But before diving into the poems, a bit more about the introductions, and thus the “micrograms.” What is a microgram, anyway, which looks so suspiciously like a haiku? Andrade, who lived the cosmopolitan life of the South American poet, full of diplomatic postings as far-flung as China, makes explicit that the microgram is only the most recent iteration of a long tradition of miniature poems, which he traces through Spain, Latin America, Japan, and France. He in fact has only given it a new nomenclature: “And the microgram, that tiny lyrical composition whose name only I have invented . . .” replacing the designations “epigram,” “song,” “saeta,” “haiku,” “proverb,” “poetic riddle,” and the like. Indeed, the word microgram is appealing, with its pseudoscientific character and its nod to the microscopic, implying a degree of looking at the world that will reveal qualities inaccessible to the naked eye. The scientific shading accords with the fact that Andrade is conscious of his position along the transitional process of the industrial and technological revolutions, and he acknowledges that his instrumentalization of little natural creatures has a trace of the elegiac about it:
The hummingbird, the snail, the macaw, the crickets, are all concluding their festival of color and sound before the advance of the motor, that hurried heart of the twentieth century. But this does not signal the death of the microgram. It will be reborn, rather, adorned with an urban character. The hero will no longer be the oyster or the swallow, but any of those mechanical creations that are transforming our time into an Age of Steel.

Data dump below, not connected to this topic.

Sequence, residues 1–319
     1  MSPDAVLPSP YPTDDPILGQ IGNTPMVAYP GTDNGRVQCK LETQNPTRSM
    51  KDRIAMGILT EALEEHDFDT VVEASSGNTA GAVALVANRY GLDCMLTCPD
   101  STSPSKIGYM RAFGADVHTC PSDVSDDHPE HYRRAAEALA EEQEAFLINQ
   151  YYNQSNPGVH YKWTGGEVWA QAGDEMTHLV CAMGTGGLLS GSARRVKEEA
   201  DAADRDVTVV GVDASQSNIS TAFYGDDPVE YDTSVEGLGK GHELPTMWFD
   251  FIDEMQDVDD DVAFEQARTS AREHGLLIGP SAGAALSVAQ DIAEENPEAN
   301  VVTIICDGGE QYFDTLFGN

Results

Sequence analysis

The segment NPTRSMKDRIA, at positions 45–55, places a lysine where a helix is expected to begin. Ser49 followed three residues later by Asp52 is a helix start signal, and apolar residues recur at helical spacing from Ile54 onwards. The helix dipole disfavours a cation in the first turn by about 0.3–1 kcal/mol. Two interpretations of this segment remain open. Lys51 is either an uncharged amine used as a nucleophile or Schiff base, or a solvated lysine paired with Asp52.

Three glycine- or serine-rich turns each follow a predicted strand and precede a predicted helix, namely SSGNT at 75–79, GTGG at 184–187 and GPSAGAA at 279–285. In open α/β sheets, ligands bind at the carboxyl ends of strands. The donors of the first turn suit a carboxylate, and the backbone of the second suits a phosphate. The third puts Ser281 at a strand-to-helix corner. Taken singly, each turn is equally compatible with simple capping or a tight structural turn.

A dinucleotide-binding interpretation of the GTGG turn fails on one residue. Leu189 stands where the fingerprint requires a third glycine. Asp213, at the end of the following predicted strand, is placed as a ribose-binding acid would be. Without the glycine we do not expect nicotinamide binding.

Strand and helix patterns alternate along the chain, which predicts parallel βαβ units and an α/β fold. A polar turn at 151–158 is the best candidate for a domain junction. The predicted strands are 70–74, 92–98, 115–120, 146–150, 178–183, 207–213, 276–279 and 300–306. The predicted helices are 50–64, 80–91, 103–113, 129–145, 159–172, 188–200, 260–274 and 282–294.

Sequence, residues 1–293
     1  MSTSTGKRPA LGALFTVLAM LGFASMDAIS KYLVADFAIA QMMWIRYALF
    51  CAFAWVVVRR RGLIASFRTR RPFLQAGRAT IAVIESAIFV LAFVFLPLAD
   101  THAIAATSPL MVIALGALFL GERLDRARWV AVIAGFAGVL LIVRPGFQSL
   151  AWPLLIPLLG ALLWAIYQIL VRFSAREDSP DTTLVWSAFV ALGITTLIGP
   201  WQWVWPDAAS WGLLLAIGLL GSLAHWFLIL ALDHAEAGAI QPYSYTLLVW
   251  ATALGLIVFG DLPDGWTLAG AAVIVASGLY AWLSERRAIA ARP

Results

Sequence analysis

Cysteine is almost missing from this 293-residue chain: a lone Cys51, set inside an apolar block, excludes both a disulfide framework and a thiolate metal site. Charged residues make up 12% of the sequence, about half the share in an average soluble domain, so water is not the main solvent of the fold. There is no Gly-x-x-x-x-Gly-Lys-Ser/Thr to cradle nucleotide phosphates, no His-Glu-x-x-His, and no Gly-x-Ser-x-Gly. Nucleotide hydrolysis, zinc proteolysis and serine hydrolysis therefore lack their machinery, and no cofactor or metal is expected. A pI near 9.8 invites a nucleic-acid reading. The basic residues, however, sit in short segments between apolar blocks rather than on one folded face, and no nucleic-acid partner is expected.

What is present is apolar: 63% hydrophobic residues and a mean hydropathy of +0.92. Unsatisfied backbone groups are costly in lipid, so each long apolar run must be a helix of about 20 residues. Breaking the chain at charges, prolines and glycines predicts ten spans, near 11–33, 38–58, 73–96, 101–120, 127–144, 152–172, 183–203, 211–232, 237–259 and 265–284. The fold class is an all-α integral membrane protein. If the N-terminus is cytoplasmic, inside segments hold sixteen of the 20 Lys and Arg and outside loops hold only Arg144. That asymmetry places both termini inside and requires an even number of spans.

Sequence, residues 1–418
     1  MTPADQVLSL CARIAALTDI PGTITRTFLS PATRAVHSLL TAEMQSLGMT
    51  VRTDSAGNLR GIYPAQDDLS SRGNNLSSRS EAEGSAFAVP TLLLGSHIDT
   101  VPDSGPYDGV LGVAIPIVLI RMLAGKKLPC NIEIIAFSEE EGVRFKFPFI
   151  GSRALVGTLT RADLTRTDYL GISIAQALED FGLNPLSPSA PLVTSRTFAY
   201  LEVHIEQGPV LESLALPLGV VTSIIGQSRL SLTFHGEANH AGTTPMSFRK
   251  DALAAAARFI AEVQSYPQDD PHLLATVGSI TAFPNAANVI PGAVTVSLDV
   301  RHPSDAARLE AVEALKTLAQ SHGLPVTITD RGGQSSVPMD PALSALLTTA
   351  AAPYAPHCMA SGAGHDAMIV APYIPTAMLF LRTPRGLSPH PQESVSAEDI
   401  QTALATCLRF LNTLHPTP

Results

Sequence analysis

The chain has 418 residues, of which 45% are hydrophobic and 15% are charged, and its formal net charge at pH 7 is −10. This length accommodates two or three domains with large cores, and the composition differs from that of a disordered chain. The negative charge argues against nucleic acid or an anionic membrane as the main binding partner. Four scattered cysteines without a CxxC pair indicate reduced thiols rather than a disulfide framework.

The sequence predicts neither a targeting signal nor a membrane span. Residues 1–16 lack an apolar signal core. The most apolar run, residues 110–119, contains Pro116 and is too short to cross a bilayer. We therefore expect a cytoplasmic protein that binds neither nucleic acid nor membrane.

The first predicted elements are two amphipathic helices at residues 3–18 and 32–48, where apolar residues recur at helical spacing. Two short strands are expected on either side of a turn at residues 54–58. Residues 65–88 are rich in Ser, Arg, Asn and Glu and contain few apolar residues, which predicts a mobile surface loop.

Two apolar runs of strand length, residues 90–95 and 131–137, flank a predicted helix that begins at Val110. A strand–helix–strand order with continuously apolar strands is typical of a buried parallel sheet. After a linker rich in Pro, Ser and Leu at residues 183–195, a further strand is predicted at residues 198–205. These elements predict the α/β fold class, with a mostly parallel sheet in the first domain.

This position, between the old world of “nature” and the new world of industrial-technological “culture,” is explored in the poems via the tensions and resolutions between the two. The relentless pressure of the human to wring a use value out of every living thing is everywhere at play, culminating in a discord between an Enlightenment ideal of total legibility and the stubborn persistence of the non-human to remain illegibly itself. The snail is pressed into a service it can only render in its own manner—which is of course to render no real service at all—and in the process the snail’s real use value is erased, the snail is mechanized. Legibility is the most consistent metaphorical application to the microgram’s creatures in this deeply metaphorical set of poems. For example:
Late Night Toad: your little
the moon’s blank page.
Again and again in the poems creatures are writing, typing, spelling, keeping manuscripts (that’s a clam), deciphering. In this, of course, they constitute proxies for the writer himself, and this act of anthropomorphism circles back in on itself, displaying the will both to empathize and to conquer, a paradox of which Andrade is well aware. The references to God, meanwhile, expand the number of planes on which these ludic engagements with scale can play out, but they also leaven the relationship of human to animal with the inference that the human is subordinated to a higher power—it sets in motion a play of hierarchy whose elements are hardly stable. The fact that the “Late Night Toad”-proxy’s “typings” (its croaks, presumably) strike a moon that remains blank further empties the act of writing of its use value for all but the futile beauty of it. In